Obviously, each of these rules assumes certain rates of return and inflation. For example, the four-percent rule assumes a 7-percent annual return on stocks, minus 3 percent a year from inflation. Those are reasonable figures, and most people use them, but you should keep an eye on reality and adjust as needed.
2. Buy Low, Sell High
Put your money to work
It’s better to make your money work for you, than to work for your money. As a general rule, try to put every penny you can (beyond your six-month emergency fund) into appreciating assets and income-generating investments.
Protect your seed corn
Never eat your seed corn unless you are literally starving. Avoid dipping into your income-generating investments, and never reduce the principal, except when absolutely necessary.
Invest early and often
If possible, participate in all of the following kinds of investments, and contribute to each of your accounts the maximum the law allows, every year. These are listed in order, from most valuable to least. /3
1) Your employer’s defined-benefit pension plan. Be sure to study the vesting rules. ‘Vesting’ means that you’ve participated long enough to qualify for the pension and keep the money your employer has contributed to it. If you leave your employer’s pension plan before you’re vested, you forfeit that money.
2) Your employer’s group health benefit plan, if offered. A workplace health plan is almost always going to be a better financial deal for you than individually purchased health insurance (alas!). The latter is usually more expensive thanks to (in my opinion, misguided) federal tax laws. If you can manage to find individual-purchase health insurance (or an insurance alternative, such as health care sharing) that is a better value than what an employer is likely to offer you—go for it. But otherwise, prefer workplace coverage. To keep your premium costs down, choose the highest deductible option you can afford. But don’t skimp on network adequacy: pick a plan that gives you access to your preferred doctors and hospitals.
3) A Health Savings Account (HSA). Use it for routine medical expenses. An HSA is a truly great way, not just to pay for medical expenses, but also to save for retirement. The money in an HSA is not taxed, if you use it for medical expenses (if you use it for non-medical purposes, you have to pay taxes and a 20 percent penalty). After you turn 65, you can take the money out of your HSA, penalty-free, for any purpose. Note: HSAs are linked to health insurance. To be able to contribute to an HSA you must also have a qualified high-deductible health plan (HDHP), as defined in the tax code. A growing number of employers offer an HSA-qualified HDHP option, but many still do not. Try to persuade your employer to do so. Of course, you can always buy your own HSA-qualified HDHP on the individual-purchase market, in which case you will own it and won’t lose it when you change jobs.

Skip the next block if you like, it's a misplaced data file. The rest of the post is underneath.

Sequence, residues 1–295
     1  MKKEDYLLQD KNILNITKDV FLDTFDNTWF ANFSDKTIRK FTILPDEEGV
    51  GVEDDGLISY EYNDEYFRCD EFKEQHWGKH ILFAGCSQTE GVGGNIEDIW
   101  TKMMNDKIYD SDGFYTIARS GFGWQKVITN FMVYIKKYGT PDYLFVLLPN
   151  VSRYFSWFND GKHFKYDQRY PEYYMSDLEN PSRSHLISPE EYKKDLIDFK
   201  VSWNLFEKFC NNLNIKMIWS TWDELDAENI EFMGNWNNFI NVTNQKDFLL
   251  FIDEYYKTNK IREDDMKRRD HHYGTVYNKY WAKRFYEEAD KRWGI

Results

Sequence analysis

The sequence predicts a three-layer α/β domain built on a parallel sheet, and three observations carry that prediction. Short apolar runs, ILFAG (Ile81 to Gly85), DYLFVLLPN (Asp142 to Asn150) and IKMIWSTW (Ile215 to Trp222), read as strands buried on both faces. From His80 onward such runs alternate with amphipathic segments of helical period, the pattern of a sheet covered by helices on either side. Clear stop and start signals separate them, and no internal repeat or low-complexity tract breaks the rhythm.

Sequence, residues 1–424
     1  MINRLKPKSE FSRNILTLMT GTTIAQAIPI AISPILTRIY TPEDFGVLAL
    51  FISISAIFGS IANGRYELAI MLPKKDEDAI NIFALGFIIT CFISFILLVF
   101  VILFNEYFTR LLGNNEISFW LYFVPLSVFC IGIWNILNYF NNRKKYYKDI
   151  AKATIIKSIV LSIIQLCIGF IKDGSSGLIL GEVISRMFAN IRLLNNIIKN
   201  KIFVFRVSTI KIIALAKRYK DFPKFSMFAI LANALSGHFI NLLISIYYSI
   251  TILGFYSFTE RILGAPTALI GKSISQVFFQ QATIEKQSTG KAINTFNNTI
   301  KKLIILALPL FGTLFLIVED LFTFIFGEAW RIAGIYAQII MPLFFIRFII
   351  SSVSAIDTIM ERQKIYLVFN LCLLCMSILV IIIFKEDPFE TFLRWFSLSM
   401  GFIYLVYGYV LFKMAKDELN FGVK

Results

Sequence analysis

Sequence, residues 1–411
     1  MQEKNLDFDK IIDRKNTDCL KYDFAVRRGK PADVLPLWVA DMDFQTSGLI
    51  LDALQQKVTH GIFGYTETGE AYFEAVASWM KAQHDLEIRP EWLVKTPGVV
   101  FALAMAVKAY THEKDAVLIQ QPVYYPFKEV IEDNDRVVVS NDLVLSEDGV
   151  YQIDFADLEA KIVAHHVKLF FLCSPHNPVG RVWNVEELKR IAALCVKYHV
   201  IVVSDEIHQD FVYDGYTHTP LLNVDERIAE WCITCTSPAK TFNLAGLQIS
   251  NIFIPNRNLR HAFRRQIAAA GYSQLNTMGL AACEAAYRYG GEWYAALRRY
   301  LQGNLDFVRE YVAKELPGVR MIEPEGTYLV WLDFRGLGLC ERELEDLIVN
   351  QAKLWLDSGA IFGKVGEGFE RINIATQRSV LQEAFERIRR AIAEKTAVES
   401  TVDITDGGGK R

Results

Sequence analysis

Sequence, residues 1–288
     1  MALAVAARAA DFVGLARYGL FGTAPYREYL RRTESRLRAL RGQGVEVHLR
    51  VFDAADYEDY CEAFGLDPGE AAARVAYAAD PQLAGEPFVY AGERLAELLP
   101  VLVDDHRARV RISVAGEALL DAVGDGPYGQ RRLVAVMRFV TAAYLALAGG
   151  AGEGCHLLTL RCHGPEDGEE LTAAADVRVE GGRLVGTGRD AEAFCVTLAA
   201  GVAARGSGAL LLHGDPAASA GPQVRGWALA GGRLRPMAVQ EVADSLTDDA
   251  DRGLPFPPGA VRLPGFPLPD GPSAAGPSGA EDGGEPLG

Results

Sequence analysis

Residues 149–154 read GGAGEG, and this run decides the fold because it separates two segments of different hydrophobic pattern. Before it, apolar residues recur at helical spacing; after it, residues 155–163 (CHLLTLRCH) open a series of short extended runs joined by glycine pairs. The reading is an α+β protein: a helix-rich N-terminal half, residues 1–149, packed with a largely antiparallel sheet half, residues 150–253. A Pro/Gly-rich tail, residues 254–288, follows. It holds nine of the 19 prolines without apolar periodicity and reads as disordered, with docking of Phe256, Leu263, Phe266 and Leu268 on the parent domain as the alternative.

4) Your employer’s defined-contribution retirement savings plan, if offered (preferably a Roth 401k). A defined-contribution plan is always vested by definition. You own the money from day one. When you leave your employer, you keep the money and are allowed to roll it over into a personally owned IRA or Roth IRA (about which, see the next point). If your employer offers an IRA or Roth IRA, participate (especially in a Roth) and accept every penny of available employer matching contributions. (But as a general rule don’t contribute beyond that amount.) If you want to invest more, do so through a private Roth IRA that you purchase, own, and control (again, see next point). Note: This rule does not apply if you’re a federal employee. If you are, you will want to use the Thrift Savings Plan, the best 401(k)-style savings plan in existence (because its fees are significantly lower than others’): contribute as much to your TSP account as your budget can afford and roll any personal IRA or Roth IRA over into your TSP, when you can. If you roll over a Roth, it will remain a Roth within your TSP. You cannot convert it into a traditional IRA (and you shouldn’t want to).
5) Personal IRAs. As soon as you can afford it, open both a traditional IRA and a personal Roth IRA, outside the workplace. As I’ll explain, the Roth variant has advantages, so I’d start there.
6) Debt repayment. As a general rule, this item should be low on the list of your investment priorities when the interest rate on your debt is low—but high when it’s high.
Sidebar: Roth versus traditional
When it comes to choosing between traditional and Roth variants of financial accounts such as IRAs and 401(k)s, I advise erring on the side of the Roth variant. What’s the difference? With a traditional account, you put untaxed money in and pay taxes on it when you take it out. (And you get an income-tax deduction at the time of your contribution.) With a Roth variant, it’s the reverse: you put money in after it’s been taxed and take the money out, untaxed. (There’s no tax deduction for contributing to a Roth.) The traditional variants are called ‘tax-deferred,’ the Roth variants are called ‘tax-free,’ ‘tax-advantaged,’ or ‘tax-exempt.’ Which approach is better? The short answer is the Roth. The longer answer is it depends on one and only one thing: your tax bracket at the time you make the contribution versus your tax bracket at the time you’ll make a withdrawal. If you are confident your retirement-years tax bracket will be lower than your working-years tax bracket, prefer the traditional account. But if in doubt, prefer the Roth. But wait. How can you be sure? Honestly, it’s impossible. But the prudent assumption is that you will be in a higher tax bracket in retirement than you were in your working years, because of Uncle Sam’s enormous fiscal challenges plus the tendency to lose tax deductions as you age. Therefore, the safer rule is to prefer the Roth options. (Many financial advice columns say just the opposite. I think they’re mistaken.) My best advice: open both kids of account, max out all of your accounts every year, and prioritize your Roth (tax-free) accounts. Having too much money in your traditional, non-Roth accounts can expose you to needless taxation in retirement, because of the IRS’s mandated withdrawals (known as ‘required minimum distributions’ or RMDs). And be sure to talk to a financial advisor about how best to sequence and time your withdrawals to maximize tax efficiency.